Travel bloggers Norbert, Alex and Stephen met for the first time at the starting point of The Mongol Rally in London, England. It was there they joined 170 other teams in a trek across a third of the earth’s circumference, 10,000 miles of essentially undrivable terrain, to a finish line in Mongolia. Along the way, Norbert, Alex and Stephen’s car got wrecked, forcing them to hitchhike, and making for one truly amazing story to the finish line.
Their goal was to reach the finish line in just five weeks. After leaving Europe, the boys traveled through Turkey, first stopping in Istanbul, “the gateway of the East,” and then on to Cappadocia where they jumped on a hot air balloon to experience its famous “fairy chimneys.”
“We all took a moment to appreciate how lucky we were to enjoy this otherworldly scenery from such a vantage point. As the burnt-orange hues in the sky faded into twilight and the eroded shapes dotting the landscape turned into silhouettes, we set up camp and slept surrounded by thousands of years of history,” said Norbert.
After traveling through Turkey, the team was halfway into their journey and had to decide whether or not to enter into Russia or Azerbaijan (a country they didn’t have visas for). They decided to cross the Georgia-Russia border. After five hours of waiting, the team finally entered Russia, but it was too late to purchase the mandatory car insurance to complete their journey, so Norbert, Alex and Stephen slept in their car until morning when they could make that purchase.
“It was 9 a.m., and we readied to drive to the nearest town to do our due diligence. As Alex drove, Stephen slept on the passenger seat, and I sat in the back looking at the sunflower fields. A loud screech, a sharp right turn and a bang brought my daydreams back to reality. We had crashed. Our car collided sideways with the rear of a small truck,” Norbert journaled.
One broken axle and blown transmission later, the team’s Hyundai was completely wrecked.
They couldn’t find anyone who spoke English and were afraid of being thrown in jail for having no insurance, but they lucked out. A man in a passing car volunteered to translate for police.
“You guys are the most interesting thing Prokhladny has seen in a long time. They will treat you well. In fact, you’re soon getting interviewed by the local newspaper,” the man said.
After a night’s rest, their translator helped them catch a bus to Astrakhan where they planned on hitchhiking all the way to the finish line.
“If the rally gods were looking down on us, they manifested themselves once we reached Astrakhan, the border town with Kazakhstan. There we met with three different teams that were planning on convoying for the rest of the rally, and all three decided to take a member of our team. Even though we were in different cars, we were still rallying together!” Norbert wrote.
The convoy drove for countless hours through the Aral Karakum Desert where their cars got stuck in the sand one by one. Thankfully, the crew had the manpower to push themselves out, but they would have to find another way to Mongolia.
“Camping where a sea had flowed just over 25 years ago felt stunningly surreal. There was no light pollution. The Milky Way sparkled in its full glory,” said Norbert.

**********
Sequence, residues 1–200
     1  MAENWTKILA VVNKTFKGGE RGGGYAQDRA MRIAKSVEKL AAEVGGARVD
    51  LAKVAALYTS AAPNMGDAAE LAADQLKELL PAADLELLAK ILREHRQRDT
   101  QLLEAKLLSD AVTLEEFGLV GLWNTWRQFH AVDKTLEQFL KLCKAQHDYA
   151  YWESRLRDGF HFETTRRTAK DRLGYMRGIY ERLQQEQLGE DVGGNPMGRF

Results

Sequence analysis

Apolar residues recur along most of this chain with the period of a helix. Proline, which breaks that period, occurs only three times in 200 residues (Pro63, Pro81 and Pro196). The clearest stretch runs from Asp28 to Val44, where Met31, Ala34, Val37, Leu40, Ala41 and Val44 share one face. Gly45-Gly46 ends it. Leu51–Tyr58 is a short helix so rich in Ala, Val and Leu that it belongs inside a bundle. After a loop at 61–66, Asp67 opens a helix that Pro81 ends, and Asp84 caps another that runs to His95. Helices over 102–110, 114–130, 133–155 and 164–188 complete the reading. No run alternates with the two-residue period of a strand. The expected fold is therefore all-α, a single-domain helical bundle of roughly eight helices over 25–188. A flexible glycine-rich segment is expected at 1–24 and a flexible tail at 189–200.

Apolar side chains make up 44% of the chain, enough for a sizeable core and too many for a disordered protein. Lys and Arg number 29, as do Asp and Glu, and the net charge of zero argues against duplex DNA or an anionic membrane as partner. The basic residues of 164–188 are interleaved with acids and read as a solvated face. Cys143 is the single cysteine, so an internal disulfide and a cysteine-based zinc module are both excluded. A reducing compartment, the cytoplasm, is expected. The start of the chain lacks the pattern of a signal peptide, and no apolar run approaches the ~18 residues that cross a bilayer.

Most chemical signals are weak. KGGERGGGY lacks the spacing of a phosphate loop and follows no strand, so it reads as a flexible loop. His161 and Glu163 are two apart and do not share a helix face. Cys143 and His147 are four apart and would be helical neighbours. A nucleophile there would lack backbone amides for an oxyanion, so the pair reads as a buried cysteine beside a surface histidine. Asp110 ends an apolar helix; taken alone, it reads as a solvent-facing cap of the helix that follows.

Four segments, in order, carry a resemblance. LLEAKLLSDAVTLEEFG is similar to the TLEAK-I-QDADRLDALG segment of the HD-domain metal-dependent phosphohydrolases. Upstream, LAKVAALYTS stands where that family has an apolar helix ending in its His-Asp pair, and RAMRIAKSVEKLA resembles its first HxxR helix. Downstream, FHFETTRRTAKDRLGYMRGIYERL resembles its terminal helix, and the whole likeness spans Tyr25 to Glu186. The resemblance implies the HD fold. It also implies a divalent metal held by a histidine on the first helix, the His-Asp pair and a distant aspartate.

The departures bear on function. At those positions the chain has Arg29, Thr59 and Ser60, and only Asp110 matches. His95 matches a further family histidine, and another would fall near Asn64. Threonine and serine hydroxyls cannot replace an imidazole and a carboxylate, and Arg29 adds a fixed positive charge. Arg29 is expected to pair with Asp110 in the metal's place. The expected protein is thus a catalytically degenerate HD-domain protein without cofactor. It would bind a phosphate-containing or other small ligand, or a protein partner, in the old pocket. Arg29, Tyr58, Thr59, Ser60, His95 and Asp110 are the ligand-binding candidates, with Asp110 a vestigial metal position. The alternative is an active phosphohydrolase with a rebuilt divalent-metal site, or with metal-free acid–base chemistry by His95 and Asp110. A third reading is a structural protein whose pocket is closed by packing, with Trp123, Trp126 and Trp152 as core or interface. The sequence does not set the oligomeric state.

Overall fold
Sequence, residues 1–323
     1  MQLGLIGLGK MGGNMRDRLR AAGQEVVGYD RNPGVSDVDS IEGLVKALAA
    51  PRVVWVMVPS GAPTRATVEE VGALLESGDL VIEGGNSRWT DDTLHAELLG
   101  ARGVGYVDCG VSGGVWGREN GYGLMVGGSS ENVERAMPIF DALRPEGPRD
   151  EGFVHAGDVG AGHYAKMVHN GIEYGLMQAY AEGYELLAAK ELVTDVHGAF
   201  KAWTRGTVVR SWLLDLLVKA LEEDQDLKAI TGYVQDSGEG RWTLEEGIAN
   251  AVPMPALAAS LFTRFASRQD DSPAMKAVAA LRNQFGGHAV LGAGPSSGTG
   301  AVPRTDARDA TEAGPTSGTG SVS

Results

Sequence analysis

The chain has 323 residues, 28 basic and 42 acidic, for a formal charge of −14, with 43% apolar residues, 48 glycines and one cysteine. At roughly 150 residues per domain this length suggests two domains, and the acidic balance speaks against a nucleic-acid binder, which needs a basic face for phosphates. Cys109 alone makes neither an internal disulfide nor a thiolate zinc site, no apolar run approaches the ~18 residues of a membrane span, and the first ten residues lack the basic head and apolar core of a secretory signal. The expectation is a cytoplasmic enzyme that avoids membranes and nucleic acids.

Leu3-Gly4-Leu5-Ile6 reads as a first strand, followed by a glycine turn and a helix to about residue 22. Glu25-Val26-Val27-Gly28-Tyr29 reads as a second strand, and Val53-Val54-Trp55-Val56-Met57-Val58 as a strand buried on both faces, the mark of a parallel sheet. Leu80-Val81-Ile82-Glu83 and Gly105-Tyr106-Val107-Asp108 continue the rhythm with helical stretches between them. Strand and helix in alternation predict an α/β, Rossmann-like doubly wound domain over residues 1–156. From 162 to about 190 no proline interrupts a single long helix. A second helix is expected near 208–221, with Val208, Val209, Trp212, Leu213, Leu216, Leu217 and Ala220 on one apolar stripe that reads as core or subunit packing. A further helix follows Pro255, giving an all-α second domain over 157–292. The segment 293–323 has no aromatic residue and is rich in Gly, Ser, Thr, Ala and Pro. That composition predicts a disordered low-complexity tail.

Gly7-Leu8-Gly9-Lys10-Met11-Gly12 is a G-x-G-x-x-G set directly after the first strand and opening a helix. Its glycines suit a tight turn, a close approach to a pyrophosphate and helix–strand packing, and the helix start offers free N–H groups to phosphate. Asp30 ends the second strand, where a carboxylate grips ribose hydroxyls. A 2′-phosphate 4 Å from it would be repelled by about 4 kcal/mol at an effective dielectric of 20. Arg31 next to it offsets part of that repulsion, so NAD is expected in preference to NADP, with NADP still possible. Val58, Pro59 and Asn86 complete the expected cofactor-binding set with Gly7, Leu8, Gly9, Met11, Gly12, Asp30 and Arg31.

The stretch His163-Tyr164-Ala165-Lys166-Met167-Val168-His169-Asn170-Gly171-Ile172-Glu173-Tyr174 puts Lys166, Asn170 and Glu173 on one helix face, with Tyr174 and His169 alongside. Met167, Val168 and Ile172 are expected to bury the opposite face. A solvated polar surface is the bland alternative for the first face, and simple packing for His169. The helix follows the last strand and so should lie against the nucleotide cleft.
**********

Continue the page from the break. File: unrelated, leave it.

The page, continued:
Five weeks after leaving London, the teams finally reached Mongolia. Those who had experienced the rally before, told the voyagers the adventure truly started there. The Gobi Desert is the fourth-largest desert in the world with no roads or signs. The teams had to trust their navigation skills to make it to Ulaanbaatar. The task proved to be too great and they lost their way. The teams wandered for nine hours before they found a Cher (Mongolian tent) where a family helped them get back on track.
“We went through a valley, crossed rivers and a drove on marshlands until we reached our intended road. Without them we would not have found it,” said Norbert.
A week later and just a hundred miles from the finish line, disaster struck again. One of the cars in the convoy hit a pothole and broke its front axel. Help came, but the flatbed was too small for the car.
“Determined, we figured out we could use the sandbanks, loose wooden planks found nearby and a shovel under the broken wheel to push the car onto the flatbed. With that done, we removed the rear wheels and placed them under the car to serve as jacks. Once the car was tied all over and mostly secured, we slowly drove the last 100 miles to the finish line,” Norbert journaled.
At 5 in the morning on August 27, the teams finally crossed the Mongol Rally finish line.
“As exhausted as we were, this moment lifted our spirits in ways we couldn’t have imagined. We had faced countless challenges along the way; we lost our car and failed a few times, but we pulled through to the end,” said Norbert, “After visiting more than 105 countries — and completing one very long rally — we’ve learned we cannot reduce the world to news blurbs. Those stories often omit the human aspect of a place: everyday life, culture and social interactions. To see and understand the good, the beauty and the diversity beyond our borders, we must experience them firsthand with an open mind and an adventurous spirit.”